Memphis Magazine cover story
(First in a series of profiles of Memphis-area photographers)
Willy Bearden: Images from one of Memphis’ best-known filmmakers
In the lobby of Willy Bearden’s rambling studio downtown, across from the elementary school and in the shadow of the abandoned Sterick Building, is an array of vintage cameras — a dual lens Konica and slim Pentax on a tripod, a Nikon SLR that died an untimely death in the sand and surf during one of its many trips to Horn Island off the coast of Mississippi. But you also might find a vinyl blues album, a slim volume of Eudora Welty, and an early model television. Bearden is a collector who throws nothing out, not props, not ideas, not outdated equipment.
And certainly not photographs.
To sit in front of his large-screen Apple monitor as he flips from folder to folder on the desktop is to take a virtual trip to Paris and Amsterdam, to the Gulf Coast and South Memphis. You will certainly be spending some time in the Mississippi Delta. Bearden grew up in its red fields overgrown with green kudzu, three hours south of Memphis in Rolling Fork, seat of Sharkey County. He arrived in Memphis in 1971, at the age of 21, the only way a Delta child of the 1960s (or a bluesman of the 1930s) might: He hitchhiked.
Bearden’s thinning white hair and glasses may hint towards his six decades, but the fervor heard in his voice as he discusses his passion negates those years and the triple-bypass surgery he underwent (in India, of all places) several years ago. There is something of the child in his eyes, too, as there must have been that day in Rolling Fork when a neighbor let him borrow a Polaroid Land camera for the very first time.
“I didn’t call it ‘documenting my world,’ but I was always interested in just the snapshots, just taking the pictures, and I tried to do some creative things when I was a teenager,” he says. “I remember specifically [the neighbor] had one of those gazing globes in his yard and I was fascinated with that thing. I took some pictures of that with the Polaroid.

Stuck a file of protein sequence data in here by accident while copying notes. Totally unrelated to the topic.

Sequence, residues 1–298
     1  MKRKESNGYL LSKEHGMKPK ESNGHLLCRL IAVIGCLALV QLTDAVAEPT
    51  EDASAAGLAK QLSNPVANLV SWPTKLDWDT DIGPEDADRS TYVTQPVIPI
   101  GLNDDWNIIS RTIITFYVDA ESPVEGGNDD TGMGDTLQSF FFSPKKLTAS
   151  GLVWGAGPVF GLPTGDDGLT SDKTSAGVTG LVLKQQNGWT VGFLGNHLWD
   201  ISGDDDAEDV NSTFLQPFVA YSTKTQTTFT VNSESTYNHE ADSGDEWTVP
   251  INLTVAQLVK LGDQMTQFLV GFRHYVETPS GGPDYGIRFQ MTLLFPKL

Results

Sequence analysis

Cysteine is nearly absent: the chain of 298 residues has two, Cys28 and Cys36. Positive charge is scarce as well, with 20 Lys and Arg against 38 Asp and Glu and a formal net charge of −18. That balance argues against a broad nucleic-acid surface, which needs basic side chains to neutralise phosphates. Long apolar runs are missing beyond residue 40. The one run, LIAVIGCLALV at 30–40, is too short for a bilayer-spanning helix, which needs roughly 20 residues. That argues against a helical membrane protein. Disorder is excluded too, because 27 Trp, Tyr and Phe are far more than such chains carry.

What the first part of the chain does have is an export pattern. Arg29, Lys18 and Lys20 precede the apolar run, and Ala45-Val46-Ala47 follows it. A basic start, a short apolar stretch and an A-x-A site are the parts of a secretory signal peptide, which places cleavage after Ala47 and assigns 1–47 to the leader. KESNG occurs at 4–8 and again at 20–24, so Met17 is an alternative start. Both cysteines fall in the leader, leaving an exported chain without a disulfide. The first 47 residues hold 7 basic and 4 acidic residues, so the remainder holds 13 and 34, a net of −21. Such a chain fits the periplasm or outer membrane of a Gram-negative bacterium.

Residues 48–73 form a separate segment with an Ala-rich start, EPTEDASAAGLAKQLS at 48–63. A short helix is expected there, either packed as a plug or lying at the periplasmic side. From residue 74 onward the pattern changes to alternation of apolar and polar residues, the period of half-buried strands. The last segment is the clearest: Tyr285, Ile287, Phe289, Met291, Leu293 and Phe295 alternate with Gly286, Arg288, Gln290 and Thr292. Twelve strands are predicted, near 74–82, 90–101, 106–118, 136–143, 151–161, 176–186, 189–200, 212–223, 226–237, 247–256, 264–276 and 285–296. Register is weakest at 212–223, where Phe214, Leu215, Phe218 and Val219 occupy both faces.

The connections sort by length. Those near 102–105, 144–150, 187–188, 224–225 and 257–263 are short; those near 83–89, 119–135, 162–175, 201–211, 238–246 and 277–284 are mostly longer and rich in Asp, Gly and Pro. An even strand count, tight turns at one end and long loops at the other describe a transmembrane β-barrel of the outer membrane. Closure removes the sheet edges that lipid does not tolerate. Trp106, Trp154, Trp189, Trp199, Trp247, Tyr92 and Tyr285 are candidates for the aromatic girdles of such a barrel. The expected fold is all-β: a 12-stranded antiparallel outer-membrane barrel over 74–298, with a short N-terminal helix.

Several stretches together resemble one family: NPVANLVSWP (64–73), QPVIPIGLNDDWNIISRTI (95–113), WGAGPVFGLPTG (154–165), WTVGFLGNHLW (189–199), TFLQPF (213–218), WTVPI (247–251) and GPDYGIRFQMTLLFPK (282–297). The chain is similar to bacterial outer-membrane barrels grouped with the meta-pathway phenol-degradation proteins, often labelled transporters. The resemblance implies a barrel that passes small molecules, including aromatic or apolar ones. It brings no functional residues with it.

“I think once you look through a viewfinder, a lot of people get hooked. You look through there and you say, ‘Whatever is in the frame is the only thing that matters to me at this point.’ The extraneous clutter of the world doesn’t matter. I’m focusing on this gazing globe, or I’m focusing on this person’s face.”
His passion for the visual developed early when George Larrimore, a friend working as a producer at Channel 5, asked him to work on a film project.
“I was just there to carry stuff around, and I looked through this Canon Scoopic, which was a 16 mm motion picture camera,” he says, “and it had a zoom lens and, man, I looked through that thing; I don’t think I took that thing away from my eye for the next two hours.”
At the time, Bearden was working for Motion Picture Laboratories, a business that delivered film reels to theatres all around the South, and employed many area photographers. The break room there became like a college classroom for him and he would ask those “professors” question after question about the technical aspects of the art. He soaked up hard information from wherever he could read about it and whoever was willing to talk about it . . . (read more)